“You want to talk about making a difference? We all know that if you can make a difference in a child’s life, think about exponentially moving forward what kind of impact that’s going to have on our state. If you haven’t seen ‘Waiting for Superman,’ and you vote no on this bill, I would challenge you over the weekend to watch that movie, and then tell me you still feel good about the vote. 

“Secondly, our rural schools have a great need. I have some schools in my district that would like to offer physics and calculus, but it’s not practical to go out and hire a teacher to teach four students. This bill will allow that school to apply for a grant and get money so that they can offer the same course level of classes that some of the other schools are getting in the big cities.

“Let me define success for you. This is how we’re going to know when this bill has been successful. Success is going to be determined by when we get protracted out in the future, and we have all this money sitting there that no one is applying for. Because of the competition that we’ve created, no one is going to need the money anymore. Then it will be a happy day when a Representative says ‘let’s repeal that. We don’t need it anymore.’ 

“But that day is not today. We have kids today that are asking for your help. I would say that it is in our best interest to provide them with that help. Please vote yes on this bill.”  

Another advocate for the legislation was state Rep. Earl Sears of Bartlesville. He reflected, “I’ve had these kinds of conversations before, debates here on the floor about public education. I think most of you know that my career was in public education. Once again, I want to start out by saying that in Oklahoma, I truly believe we have an excellent education system in place. I’m very proud of the one we have in Bartlesville. I know what it did for me. I know what it did for my own two children and I’m sure every member in here could give an example in regards to your own districts.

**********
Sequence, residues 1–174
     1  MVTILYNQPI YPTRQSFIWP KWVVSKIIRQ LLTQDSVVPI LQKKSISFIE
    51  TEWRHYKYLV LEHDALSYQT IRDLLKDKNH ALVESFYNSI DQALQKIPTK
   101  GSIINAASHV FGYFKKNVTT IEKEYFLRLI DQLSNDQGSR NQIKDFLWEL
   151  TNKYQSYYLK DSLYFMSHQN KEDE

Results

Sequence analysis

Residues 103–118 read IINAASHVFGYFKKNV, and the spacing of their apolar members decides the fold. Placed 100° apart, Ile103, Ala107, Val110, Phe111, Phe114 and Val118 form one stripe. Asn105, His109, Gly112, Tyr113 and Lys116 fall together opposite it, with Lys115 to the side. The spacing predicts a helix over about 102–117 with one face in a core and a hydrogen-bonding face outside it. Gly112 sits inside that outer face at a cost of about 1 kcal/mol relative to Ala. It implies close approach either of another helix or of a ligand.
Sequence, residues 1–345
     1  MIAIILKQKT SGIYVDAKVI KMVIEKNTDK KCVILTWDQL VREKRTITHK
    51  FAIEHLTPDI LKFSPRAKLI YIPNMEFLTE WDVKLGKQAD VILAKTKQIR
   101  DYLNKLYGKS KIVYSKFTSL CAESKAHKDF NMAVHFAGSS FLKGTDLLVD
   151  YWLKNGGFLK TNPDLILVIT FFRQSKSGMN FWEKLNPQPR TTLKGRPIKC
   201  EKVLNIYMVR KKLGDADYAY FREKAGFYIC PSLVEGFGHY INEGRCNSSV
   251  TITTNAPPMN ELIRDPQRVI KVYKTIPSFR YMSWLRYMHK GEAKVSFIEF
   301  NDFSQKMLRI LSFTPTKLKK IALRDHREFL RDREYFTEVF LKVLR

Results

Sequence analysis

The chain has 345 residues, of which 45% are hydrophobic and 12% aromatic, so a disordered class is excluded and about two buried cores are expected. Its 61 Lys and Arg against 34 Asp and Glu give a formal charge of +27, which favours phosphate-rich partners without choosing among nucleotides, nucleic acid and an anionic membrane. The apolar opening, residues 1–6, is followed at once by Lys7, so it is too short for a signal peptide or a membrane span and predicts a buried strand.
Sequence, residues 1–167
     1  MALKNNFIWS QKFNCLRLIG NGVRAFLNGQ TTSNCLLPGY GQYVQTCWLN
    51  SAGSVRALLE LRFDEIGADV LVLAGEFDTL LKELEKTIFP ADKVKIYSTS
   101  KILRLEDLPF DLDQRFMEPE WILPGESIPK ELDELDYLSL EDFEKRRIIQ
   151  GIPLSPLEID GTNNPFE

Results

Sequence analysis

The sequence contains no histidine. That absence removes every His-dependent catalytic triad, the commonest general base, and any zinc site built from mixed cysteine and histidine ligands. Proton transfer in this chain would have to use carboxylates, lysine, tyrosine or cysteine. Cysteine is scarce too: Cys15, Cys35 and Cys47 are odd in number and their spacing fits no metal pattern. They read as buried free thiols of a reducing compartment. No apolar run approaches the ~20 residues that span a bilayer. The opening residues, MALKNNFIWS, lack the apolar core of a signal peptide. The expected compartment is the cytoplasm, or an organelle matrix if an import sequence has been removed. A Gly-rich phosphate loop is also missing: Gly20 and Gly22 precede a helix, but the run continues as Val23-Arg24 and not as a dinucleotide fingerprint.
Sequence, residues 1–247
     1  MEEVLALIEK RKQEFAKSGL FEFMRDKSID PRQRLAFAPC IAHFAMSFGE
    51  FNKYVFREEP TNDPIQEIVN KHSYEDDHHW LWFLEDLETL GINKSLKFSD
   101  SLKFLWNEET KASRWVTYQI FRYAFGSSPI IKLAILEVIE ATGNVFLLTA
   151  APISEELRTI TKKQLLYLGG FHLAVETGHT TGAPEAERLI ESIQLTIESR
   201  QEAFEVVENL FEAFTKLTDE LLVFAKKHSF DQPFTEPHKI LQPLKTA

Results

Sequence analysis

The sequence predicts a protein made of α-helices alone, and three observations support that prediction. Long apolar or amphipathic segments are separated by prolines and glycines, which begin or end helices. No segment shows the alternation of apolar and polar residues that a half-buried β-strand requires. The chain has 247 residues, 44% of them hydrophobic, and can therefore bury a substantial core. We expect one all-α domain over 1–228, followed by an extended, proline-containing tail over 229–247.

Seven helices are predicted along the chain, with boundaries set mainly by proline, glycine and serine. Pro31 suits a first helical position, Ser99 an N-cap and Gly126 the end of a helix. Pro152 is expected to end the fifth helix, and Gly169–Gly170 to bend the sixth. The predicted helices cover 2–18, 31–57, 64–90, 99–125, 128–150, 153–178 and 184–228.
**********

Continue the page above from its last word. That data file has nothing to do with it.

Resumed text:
“At the same time, we also have some outstanding teachers in this great state. We educate them; we train them, and I think that they do a phenomenal job. 

“But for whatever reason, members, there are two areas, and in one particular area there are 16 schools on the needs improvement list, and in the other area there are 18 schools on the needs improvement list. 

“There are a lot of factors. You can’t blame it all on teachers. You can’t blame it all on the system. You can blame it on a lot of factors, but the point of it is that there are people that are trapped in those particular areas.

“I ask you, and the majority of you in here have children, do you want your children going to a school like that? They’re trapped. Here we have an opportunity today to put something in place to help these particular parents to help these students. That’s this whole point here. 

“I assure you, every person in here has a choice. This representative right here has a choice for whatever church she wants to join. This representative right here had a choice about whatever career he wanted to go into. This representative right here has a choice about whatever store they want to shop at. But when it comes to public education, depending upon the zip codes, that’s where you’re at. That’s the school you have to attend.”

On the House floor in final debate, only Minority Floor Leader Scott Inman of Del City spoke against S.B. 969. However, three House Democrats issued a Tuesday press statement assailing the school reform measures Republicans have advanced this year. Countering that was a wave of praise from conservatives both inside and outside of government.   

S.B. 969, by Sen. Dan Newberry of Tulsa/Sand Springs and Rep. Lee Denny of Cushing, is now before the state Senate, where its prospects for passage and Governor Mary Fallin’s signature seem bright.